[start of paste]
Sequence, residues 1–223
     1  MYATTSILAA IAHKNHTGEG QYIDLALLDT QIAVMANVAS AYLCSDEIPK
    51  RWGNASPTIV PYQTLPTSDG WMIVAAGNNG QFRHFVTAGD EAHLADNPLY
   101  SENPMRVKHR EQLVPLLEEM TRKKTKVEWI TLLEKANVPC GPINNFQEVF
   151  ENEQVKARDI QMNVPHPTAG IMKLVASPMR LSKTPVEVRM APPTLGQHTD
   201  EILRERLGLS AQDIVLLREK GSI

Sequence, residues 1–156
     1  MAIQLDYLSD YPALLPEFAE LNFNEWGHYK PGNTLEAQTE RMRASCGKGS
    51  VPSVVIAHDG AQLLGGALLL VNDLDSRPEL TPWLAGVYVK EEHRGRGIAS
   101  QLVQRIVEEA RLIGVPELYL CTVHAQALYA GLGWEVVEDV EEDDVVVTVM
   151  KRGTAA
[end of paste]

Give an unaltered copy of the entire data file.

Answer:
Sequence, residues 1–223
     1  MYATTSILAA IAHKNHTGEG QYIDLALLDT QIAVMANVAS AYLCSDEIPK
    51  RWGNASPTIV PYQTLPTSDG WMIVAAGNNG QFRHFVTAGD EAHLADNPLY
   101  SENPMRVKHR EQLVPLLEEM TRKKTKVEWI TLLEKANVPC GPINNFQEVF
   151  ENEQVKARDI QMNVPHPTAG IMKLVASPMR LSKTPVEVRM APPTLGQHTD
   201  EILRERLGLS AQDIVLLREK GSI

Sequence, residues 1–156
     1  MAIQLDYLSD YPALLPEFAE LNFNEWGHYK PGNTLEAQTE RMRASCGKGS
    51  VPSVVIAHDG AQLLGGALLL VNDLDSRPEL TPWLAGVYVK EEHRGRGIAS
   101  QLVQRIVEEA RLIGVPELYL CTVHAQALYA GLGWEVVEDV EEDDVVVTVM
   151  KRGTAA